• AD
        • Exostosin (EXT) gene mutation
          • EXT-1
          • EXT-2
    • Multiple metaphyseal juxtaepiphyseal exostoses
      • Characteristically point toward the adjacent joint
      • May involve hands/feet
      • No shortening of the limbs is present
    • Metaphyseal enchondromas
      • Different from multiple enchondromatosis by often involving iliac crests and metaphyses of long bonesPeriarticular calcifications
      • Due to peripheral enchondral ossification in epiphysis-based exophytic enchondromas
    • Unilateral or bilateral Legg-Calve-Perthes-like changes in the femoral head(s)
      • Perhaps due to lesional interference with the epiphyseal blood supply
    • Secondary malignancy has been reported (intermediate grade chondrosarcoma)


  • LANGER-GIEDION SYNDROME

    • (Trichorhinophalangeal syndrome)
    • Multiple exostoses
    • Caused by a deletion of ext1 and adjacent trps1 gene
  • SUBUNGUAL EXOSTOSIS

    • (Subungual osteochondroma)
    • Arises in the distal phalanx beneath the nailbed, may cause ulceration and secondary infection
    • Usually involves the great toe
  • DYSPLASIA EPIPHYSEALIS HEMIMELICA

    • (Trevor's disease, hemimelic epiphyseal dysplasia, tarsoepiphyseal aclasia)
    • Classification (Azouz)
      • Localized form (usually affects hindfoot or ankle)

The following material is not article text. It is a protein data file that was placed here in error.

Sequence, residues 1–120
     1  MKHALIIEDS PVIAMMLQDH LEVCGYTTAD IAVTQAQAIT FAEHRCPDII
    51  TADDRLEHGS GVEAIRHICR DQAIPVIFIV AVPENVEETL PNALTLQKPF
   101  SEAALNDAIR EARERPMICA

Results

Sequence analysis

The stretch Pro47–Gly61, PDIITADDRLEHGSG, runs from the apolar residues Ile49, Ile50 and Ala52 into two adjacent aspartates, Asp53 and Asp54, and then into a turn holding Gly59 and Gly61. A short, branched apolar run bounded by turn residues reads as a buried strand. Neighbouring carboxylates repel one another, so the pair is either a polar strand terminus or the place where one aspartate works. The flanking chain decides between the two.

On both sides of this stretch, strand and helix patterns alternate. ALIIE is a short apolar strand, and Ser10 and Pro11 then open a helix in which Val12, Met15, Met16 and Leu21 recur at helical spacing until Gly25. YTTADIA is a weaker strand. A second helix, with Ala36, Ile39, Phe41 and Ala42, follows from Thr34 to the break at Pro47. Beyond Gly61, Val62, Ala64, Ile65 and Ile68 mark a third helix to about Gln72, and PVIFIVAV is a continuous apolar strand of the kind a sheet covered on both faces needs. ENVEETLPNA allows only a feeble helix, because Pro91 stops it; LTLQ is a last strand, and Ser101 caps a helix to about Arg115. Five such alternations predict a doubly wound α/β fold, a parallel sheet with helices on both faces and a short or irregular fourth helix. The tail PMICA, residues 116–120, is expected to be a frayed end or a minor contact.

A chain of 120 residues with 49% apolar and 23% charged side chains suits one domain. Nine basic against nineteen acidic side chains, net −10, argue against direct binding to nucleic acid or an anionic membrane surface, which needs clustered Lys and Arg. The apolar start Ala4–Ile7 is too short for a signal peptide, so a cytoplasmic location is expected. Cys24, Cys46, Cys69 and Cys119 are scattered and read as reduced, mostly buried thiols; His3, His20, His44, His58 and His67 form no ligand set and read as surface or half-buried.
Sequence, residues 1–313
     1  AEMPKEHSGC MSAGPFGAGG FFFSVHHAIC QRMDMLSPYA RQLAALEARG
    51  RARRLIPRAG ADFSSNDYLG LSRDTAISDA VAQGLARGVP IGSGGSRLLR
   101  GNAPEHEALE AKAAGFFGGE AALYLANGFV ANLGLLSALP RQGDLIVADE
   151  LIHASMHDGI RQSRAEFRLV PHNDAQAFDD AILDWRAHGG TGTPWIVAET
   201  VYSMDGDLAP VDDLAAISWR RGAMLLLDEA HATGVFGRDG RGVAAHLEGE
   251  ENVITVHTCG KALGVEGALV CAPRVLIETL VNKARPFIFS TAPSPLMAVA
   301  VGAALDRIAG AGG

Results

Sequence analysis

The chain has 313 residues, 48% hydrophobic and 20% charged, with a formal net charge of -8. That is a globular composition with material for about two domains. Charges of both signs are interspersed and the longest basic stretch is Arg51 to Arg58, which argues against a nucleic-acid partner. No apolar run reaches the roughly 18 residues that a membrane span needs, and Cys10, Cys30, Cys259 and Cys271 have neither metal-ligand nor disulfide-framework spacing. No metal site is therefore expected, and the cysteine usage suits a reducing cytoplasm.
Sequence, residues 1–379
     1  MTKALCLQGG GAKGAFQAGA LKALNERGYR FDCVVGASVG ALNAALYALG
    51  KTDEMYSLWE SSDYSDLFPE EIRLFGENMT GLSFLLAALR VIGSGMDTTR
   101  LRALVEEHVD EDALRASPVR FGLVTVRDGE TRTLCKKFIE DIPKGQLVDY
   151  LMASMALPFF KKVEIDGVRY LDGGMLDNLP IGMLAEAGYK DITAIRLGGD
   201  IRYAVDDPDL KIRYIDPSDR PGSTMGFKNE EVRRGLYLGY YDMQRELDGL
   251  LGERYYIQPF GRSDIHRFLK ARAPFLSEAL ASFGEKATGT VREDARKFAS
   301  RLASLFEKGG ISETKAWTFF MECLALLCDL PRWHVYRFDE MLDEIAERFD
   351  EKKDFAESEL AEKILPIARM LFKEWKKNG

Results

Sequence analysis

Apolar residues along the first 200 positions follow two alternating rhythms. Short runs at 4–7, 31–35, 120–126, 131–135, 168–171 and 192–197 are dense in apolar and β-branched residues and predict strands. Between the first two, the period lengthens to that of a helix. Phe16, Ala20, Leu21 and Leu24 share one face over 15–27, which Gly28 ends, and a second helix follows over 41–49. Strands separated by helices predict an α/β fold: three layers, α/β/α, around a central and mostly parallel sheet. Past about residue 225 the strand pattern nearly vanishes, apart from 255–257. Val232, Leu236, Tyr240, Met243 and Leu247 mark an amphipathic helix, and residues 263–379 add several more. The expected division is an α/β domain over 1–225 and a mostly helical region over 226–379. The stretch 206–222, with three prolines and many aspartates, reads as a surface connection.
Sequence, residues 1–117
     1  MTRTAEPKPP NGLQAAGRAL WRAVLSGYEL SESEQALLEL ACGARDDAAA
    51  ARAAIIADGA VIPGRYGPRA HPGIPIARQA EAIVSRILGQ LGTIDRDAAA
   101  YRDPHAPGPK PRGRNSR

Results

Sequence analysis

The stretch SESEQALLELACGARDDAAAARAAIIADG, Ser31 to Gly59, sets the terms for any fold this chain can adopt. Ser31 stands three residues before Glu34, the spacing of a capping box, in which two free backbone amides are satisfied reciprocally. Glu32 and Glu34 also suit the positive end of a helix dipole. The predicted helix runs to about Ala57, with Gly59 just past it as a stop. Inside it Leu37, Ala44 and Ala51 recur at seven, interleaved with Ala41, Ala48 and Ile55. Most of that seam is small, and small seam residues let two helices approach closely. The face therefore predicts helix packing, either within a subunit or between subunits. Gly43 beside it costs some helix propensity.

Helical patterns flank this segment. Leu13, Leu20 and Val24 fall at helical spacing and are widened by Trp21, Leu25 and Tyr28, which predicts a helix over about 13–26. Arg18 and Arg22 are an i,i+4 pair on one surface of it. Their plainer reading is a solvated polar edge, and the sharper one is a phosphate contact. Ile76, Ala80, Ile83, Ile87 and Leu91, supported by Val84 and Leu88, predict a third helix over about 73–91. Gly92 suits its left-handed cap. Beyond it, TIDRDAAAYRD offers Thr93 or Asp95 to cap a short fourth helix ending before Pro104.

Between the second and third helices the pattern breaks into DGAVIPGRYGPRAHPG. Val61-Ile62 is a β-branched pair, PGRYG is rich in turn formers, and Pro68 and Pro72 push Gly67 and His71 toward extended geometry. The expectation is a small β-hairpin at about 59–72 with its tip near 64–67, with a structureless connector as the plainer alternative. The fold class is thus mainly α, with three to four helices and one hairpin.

• Classical form (hemimelic distribution, multiple involvement in a single extremity)
        • > 2/3 of cases
      • Localized to the ankle:
        • Mouchet type
      • Localized to the foot:
        • Belot type
      • Generalized or severe form (involvement of whole LE from pelvis to ankle ? UE ? chest wall)
      • ? hypertrophy of ipsilateral ilium
      • ? hip dislocation
      • An epiphyseal osteochondroma, usually found before young adulthood, most commonly affecting the (½) talus or distal femur or tibia; reported in acetabulum and proximal femur
      • May be associated with genu valgum, genu varum, or ankle equinus
      • Has been reported causing carpal instability or limited ROM
      • Painless swelling or deformity of the joint(s)
      • May affect one or both sides of a joint
      • Progress to DJD without intervention
      • 12.5% have been reported to progress to DJD even with intervention
      • Occurrence with a metaphyseal osteochondroma in the same limb has been reported
      • Excision (even if not complete) results in symptomatic improvement
      • Has been reported in a pt with polydactylies and syndactylies of all 4 limbs and bilateral distal tibial lesions
      • MRI may reveal associated ligamentous abnormalities (86% about the ankle)
      • M:F = 3:1
      • Multiple bones in the same, bilateral, or generalized extremity(ies) may be affected severely compromising function
      • Up to 75% may have multiple site involvement
      • Multifocal calcifications adjacent to the epiphysis coalesce as an osteochondroma
      • Histologically the same as an osteochondroma